Ochsner's 'lofty goal' to redesign care

Hospitals and health systems have continued to evolve their approaches and strategies to tackle today's industry challenges. For New Orleans-based Ochsner Health, that has meant an increased focus on patient access, particularly in the ambulatory setting, as well as workforce stabilization, according to Mike Hulefeld, the organization's president and COO.

Mr. Hulefeld is responsible for daily operations, performance improvement and delivery of services across the health system's 46 owned, managed and affiliated hospitals and specialty hospitals and more than 370 health and urgent care centers, according to Ochsner's website

He told Becker's Ochsner is starting to scale up several initiatives in the ambulatory space, including changing how physicians work. The health system is rolling out AI-enabled patient messaging across all of its primary care practices, and earlier this month, Ochsner launched its ambient listening pilot in select clinics.

Mr. Hulefeld expands on these efforts in responses to two questions below.

Note: Responses have been lightly edited for length and clarity.

Question: What is the biggest way your system has changed in the last year? 

Mike Hulefeld: We had about an eight or 10-year run of significant external growth. Last year, we slowed that down and turned much more of our attention internally, to really more around optimizing our acquisitions, but also our existing operations, and much stronger focus on our patient access efforts and our clinics and ambulatory sites. As one component of it, really building the clinical depth in our centers of excellence, as we're the tertiary and quaternary referral site in this region.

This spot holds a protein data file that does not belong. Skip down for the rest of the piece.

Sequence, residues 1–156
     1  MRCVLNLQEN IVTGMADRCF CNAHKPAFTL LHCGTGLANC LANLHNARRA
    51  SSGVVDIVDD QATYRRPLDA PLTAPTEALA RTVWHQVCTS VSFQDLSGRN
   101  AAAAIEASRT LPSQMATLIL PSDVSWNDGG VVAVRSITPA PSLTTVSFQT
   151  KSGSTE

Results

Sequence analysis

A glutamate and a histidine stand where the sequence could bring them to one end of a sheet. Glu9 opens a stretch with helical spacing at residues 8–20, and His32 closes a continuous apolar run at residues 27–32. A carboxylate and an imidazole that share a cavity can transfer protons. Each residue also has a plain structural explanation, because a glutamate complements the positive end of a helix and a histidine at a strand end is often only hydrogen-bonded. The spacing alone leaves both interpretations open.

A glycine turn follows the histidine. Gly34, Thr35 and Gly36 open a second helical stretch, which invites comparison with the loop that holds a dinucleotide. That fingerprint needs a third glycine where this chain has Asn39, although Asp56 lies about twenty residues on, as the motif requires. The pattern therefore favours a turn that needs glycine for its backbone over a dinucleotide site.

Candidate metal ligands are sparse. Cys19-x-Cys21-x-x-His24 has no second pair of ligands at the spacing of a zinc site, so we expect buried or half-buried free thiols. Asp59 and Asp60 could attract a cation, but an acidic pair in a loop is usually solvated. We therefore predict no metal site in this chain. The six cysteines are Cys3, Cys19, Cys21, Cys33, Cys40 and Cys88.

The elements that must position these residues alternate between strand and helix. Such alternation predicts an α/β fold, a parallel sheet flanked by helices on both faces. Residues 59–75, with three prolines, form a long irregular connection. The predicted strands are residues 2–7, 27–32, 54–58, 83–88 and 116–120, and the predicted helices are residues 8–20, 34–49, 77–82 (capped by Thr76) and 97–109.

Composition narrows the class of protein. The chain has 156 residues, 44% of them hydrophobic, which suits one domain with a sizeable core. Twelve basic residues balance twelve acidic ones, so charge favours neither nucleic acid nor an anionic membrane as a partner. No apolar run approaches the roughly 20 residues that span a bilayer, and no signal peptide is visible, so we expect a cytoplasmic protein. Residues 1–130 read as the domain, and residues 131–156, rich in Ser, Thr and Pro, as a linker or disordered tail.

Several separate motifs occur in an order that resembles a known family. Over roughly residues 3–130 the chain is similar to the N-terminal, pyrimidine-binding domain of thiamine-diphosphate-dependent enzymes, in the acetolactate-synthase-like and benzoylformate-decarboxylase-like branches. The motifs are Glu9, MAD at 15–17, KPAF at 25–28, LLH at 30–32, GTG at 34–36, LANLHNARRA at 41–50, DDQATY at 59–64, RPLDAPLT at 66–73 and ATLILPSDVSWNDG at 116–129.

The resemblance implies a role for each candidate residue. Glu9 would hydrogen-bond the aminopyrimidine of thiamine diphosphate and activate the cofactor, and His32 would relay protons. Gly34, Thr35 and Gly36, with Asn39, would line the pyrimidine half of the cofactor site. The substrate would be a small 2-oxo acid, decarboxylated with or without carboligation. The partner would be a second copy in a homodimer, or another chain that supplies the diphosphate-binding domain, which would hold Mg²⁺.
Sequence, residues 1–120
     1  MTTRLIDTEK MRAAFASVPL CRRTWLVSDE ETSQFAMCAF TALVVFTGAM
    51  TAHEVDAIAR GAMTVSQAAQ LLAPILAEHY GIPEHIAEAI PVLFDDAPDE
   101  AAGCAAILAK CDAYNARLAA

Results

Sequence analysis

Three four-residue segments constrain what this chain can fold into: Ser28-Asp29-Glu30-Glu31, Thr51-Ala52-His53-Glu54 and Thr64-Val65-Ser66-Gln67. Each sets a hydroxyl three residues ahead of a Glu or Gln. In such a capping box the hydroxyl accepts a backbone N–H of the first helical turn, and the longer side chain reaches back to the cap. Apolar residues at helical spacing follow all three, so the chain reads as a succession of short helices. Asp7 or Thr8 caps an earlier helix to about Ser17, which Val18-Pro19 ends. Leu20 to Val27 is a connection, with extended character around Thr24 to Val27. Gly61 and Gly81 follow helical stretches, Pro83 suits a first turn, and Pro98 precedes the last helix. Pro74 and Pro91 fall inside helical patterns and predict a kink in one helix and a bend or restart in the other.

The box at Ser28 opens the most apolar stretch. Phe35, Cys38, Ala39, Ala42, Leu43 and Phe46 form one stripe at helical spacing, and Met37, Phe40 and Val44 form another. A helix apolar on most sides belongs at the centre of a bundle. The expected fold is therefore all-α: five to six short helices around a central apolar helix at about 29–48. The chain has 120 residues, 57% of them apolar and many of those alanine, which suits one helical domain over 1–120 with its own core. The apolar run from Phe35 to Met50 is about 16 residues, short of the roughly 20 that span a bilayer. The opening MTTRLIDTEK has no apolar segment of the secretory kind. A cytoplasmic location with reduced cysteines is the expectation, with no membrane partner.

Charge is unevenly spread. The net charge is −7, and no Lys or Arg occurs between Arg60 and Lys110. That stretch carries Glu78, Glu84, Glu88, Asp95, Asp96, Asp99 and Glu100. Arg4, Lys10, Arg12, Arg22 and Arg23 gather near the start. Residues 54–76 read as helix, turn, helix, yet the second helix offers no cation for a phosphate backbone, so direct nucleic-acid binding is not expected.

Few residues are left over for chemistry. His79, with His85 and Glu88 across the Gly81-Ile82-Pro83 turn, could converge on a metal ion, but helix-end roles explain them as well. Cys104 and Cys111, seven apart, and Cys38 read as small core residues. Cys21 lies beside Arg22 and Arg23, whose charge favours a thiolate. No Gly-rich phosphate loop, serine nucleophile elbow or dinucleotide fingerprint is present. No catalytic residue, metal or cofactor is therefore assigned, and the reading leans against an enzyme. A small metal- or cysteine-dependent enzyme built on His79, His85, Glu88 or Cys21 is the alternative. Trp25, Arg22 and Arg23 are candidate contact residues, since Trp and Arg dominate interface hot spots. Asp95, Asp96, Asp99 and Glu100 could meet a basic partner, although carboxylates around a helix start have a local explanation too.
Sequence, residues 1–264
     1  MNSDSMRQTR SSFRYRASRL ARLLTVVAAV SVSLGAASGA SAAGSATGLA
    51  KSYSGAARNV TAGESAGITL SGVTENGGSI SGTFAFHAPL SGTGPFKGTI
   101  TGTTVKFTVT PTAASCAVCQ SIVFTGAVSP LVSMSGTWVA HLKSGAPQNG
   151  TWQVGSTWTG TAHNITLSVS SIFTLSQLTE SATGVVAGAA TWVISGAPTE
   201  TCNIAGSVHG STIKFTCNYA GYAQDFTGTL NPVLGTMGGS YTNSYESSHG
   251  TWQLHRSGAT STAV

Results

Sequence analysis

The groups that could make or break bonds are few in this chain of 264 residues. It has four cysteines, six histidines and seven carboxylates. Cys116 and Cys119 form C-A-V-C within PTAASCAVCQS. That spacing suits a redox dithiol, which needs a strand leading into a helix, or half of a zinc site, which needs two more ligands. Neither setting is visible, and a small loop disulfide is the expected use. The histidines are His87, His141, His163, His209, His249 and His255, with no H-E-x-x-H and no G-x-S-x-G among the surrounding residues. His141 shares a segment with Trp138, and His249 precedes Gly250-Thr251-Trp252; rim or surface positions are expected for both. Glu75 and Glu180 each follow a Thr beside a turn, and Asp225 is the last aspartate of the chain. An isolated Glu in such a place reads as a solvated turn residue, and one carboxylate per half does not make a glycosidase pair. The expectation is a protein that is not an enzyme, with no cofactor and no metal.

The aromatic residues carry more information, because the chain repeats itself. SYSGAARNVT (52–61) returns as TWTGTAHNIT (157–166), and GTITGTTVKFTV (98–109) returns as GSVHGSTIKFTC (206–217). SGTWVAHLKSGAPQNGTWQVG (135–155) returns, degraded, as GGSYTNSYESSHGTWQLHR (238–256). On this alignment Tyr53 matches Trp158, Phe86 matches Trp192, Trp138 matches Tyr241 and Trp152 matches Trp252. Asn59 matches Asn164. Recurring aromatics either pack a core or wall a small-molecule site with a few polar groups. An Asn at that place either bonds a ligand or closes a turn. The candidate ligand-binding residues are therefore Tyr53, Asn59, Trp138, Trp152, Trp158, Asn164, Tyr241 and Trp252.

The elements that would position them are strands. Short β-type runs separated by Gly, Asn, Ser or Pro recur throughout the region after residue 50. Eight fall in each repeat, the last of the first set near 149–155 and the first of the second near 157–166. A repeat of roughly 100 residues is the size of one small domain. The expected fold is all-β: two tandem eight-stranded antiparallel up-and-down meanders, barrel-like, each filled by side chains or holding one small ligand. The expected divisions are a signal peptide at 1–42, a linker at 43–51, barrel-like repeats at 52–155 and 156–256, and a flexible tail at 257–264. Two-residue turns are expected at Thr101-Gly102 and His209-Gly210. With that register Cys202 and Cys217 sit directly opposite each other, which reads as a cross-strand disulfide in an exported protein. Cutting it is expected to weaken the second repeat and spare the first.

Additionally, another focus has been workforce stabilization, recruitment, retention, and using technology to make the work more sustainable. We've also been really focused on the culture within the organization around our employee engagement, inclusion, culture of psychological safety, and empowerment and making the health system a great place to work. 

Q: Looking ahead, do you see those things pivoting in 2024?

MH: The organizations that do a great job with patient access will be successful over the course of time. And so we're really focused on patient access and the ambulatory setting, in our group practice, in our clinics. That comes in a lot of different ways, but first and foremost is care model redesign and scaling new technologies. Our goal around patient access long term is to be able to care for every patient within two weeks of that patient inquiry or referral, and we're not there yet. That's going to require growth of use of alternative delivery models like e-consults and e- visits, telehealth. Again, redesigning the care so our physicians and caregivers can meet patient needs in a very different way than they're able to do today. That's a lofty goal. We've got to go department by department to redesign the care if we're going to achieve that goal. So that doesn't get done in a year. That's a long-term goal. But we're really focused on that care model redesign, especially in the ambulatory and clinic environment. That's a big body of work in 2024. 

The second one is the continued workforce engagement. The workforce shortage is not something that's going to go away in the short term. And so the continued cultural work, the recruitment, the retention, the job redesign, use of technology, engagement, inclusion empowerment. That cultural work has to continue into 2024. And I think that that probably won't stop after 2024 either.

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